Psychosexual Development

 

Psychosexual Development is a broad term that can be considered the process of growing and maturing physically, emotionally, intellectually and spiritually so that there is a healthy balance between the physical/biological aspects of sexual behaviour and the psychological and emotional context in which the behaviour occurs. Originally, psychosexual development was defined by Sigmund Freud, who proposed specific stages of psychosexual development (e.g., oral, anal, etc.). Modern research on cognitive, physical, and emotional/moral development has provided a much richer context in which sexual attitudes must be considered. It is thus more appropriate to view a child or adult's sexual feelings, knowledge and behaviours within the context of that person's physical, cognitive, and emotional development. Assessment of a person's psychosexual development must also include consideration of environmental influences, such as the modern media, ethnic/cultural beliefs, family practices, past exposure to sexuality, possible abuse (physical and emotional, as well as sexual), and sexual knowledge. Therefore fully understanding a person's level of sexual maturity involves integrating of all aspects of development in the context of a person's experiences.

Assessing a child's level of psychosexual development can be an involved, although not necessarily complex, process. Children do engage in sexual behaviours, although the meaning of "sexual" is very different for a child than for a post-pubertal adolescent or adult. However, there is no evidence that children progress through a natural series of developmental "stages" in terms of their sexual behaviours. As infants, children are capable of sexual arousal and "orgasm," although there are no vaginal or seminal secretions until puberty.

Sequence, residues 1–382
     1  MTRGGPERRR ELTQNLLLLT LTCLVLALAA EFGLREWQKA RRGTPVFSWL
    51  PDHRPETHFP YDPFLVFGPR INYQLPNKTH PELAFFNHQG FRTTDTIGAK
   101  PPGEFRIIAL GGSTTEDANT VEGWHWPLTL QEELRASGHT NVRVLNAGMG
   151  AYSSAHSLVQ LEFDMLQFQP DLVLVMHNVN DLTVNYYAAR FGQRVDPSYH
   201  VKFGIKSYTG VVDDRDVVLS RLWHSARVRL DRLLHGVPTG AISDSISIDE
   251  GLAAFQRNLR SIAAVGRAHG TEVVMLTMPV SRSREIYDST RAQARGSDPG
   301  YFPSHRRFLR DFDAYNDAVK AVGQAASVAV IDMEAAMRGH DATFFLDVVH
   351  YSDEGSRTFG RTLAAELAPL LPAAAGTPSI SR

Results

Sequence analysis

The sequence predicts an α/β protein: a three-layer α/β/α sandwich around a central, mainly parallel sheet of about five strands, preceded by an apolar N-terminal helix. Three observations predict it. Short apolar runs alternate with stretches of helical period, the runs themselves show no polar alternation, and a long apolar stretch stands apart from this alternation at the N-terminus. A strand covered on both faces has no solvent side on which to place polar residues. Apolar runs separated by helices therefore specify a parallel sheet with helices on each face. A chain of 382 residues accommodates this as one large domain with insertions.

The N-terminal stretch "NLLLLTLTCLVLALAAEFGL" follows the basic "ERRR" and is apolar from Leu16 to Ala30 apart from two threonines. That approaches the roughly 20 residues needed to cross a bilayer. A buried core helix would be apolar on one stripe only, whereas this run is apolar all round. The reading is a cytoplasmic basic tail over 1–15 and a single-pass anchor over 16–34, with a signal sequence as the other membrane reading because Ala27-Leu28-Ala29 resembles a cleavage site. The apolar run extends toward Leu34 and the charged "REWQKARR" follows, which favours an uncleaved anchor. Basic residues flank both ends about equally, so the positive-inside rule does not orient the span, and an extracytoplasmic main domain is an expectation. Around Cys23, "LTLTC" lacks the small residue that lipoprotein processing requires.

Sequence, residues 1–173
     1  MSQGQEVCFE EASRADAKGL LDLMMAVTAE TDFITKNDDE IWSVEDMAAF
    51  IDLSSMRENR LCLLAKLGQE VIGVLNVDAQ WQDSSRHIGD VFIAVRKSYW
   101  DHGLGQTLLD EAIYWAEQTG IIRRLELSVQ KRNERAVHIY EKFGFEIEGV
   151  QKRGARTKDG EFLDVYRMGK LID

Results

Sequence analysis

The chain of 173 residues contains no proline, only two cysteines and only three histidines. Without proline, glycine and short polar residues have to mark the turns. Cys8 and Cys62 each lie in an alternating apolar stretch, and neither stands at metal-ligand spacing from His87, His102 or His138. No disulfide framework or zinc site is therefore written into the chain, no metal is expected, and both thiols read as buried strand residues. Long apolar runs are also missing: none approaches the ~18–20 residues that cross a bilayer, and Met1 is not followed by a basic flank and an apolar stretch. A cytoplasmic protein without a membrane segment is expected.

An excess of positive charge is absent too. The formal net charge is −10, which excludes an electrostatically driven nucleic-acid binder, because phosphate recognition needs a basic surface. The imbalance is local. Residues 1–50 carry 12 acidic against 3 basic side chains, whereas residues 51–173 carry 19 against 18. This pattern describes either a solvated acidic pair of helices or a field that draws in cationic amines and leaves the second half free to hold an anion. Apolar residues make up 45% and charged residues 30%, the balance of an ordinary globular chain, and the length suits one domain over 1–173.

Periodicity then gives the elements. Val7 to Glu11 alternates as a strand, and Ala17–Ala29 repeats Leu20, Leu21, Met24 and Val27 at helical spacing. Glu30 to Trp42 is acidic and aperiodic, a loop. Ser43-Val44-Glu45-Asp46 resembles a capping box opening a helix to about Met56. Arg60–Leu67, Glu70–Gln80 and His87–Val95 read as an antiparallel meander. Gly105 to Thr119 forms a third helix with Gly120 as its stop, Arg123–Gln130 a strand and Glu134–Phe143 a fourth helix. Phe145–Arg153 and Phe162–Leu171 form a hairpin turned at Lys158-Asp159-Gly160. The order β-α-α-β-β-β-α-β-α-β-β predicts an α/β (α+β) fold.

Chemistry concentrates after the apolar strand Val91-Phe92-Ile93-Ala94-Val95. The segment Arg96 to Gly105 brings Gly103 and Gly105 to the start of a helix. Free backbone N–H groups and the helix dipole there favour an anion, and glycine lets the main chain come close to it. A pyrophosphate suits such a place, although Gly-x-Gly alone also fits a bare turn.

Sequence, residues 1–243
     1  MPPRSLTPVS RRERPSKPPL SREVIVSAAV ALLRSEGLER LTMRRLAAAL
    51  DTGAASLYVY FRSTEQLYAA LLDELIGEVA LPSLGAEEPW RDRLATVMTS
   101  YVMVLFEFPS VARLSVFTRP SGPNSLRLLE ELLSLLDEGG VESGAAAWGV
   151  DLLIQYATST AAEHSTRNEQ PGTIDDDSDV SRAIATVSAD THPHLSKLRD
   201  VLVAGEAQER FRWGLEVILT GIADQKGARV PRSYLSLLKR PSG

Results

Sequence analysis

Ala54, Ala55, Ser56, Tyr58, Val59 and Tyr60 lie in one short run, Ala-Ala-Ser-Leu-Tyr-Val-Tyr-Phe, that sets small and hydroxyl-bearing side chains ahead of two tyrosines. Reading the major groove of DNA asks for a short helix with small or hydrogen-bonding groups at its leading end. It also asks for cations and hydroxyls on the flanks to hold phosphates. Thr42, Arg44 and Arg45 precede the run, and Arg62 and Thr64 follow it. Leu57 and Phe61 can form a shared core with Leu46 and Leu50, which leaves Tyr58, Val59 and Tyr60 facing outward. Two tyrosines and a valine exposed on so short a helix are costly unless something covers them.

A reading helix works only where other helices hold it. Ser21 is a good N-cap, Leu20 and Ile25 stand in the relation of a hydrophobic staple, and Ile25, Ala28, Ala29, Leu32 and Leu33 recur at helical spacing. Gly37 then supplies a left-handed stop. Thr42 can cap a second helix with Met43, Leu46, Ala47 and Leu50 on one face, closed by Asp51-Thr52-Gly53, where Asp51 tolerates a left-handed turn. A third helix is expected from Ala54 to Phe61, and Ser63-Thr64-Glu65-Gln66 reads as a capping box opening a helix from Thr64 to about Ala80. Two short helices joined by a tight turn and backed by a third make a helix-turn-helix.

Children also "masturbate," which usually takes the form of touching themselves or rubbing against an object as a form of self-stimulation. In its natural form, such behaviour is usually self-soothing and is readily amenable to inhibition placed on the behaviour in the form of parental or societal restrictions: children readily learn that they are not supposed to touch themselves in public and thus inhibit the behaviour in public. Children also often engage in mutual exploratory play (such as "house" or "doctor") with their playmates.

 




This behaviour is usually very innocent and again under the control of social restrictions. If the behaviour is not under the child's control, when sex play happens with others (children or adults) who are not the child's usual playmate, when behaviours are intrusive and/or harmful to the child, or when the child has knowledge that is outside his/her expected level of awareness, then it is likely that the child's sexual development has been disrupted in some way. It is at that point that a thorough evaluation is necessary. It is also important to recognize that while children do engage in some "sexual" behaviours, they are not emotionally, cognitively, or intellectually prepared to deal with adult sexuality or adult emotions.

Psychosexual health is very difficult to define in adults, partly because of the wide variety of sexual behaviours that can be engaged in. In general terms, psychosexual health refers to a state in which adult needs for sexual behaviour are driven by a desire for contact with a loved person, and in which mutual sexual activities in the context of an intimate relationship are satisfying. Although sex outside intimate relationships is an accepted fact within our society, when such behaviour becomes the norm or preferred behaviour rather than an occasional outlet, it is likely that such behaviour reflects interference in the person's ability to achieve emotional intimacy within relationships. Ideally, a person would be able to be physically, emotionally, and spiritually intimate within a relationship in which both partners desire intimacy, and in which neither partner is consistently domineering, controlling, or hurtful of the other. Health thus refers to a situation in which a person is able to achieve emotionally intimate relationships, and in which the sexual behaviours arise out of a desire for physical and emotional intimacy rather than out of a distorted attempt to meet some other emotional need.

Dr. Louise MacKay has a clinical interest in assessing and treating difficulties related to sexual development and sexual disorders. Please contact her for more information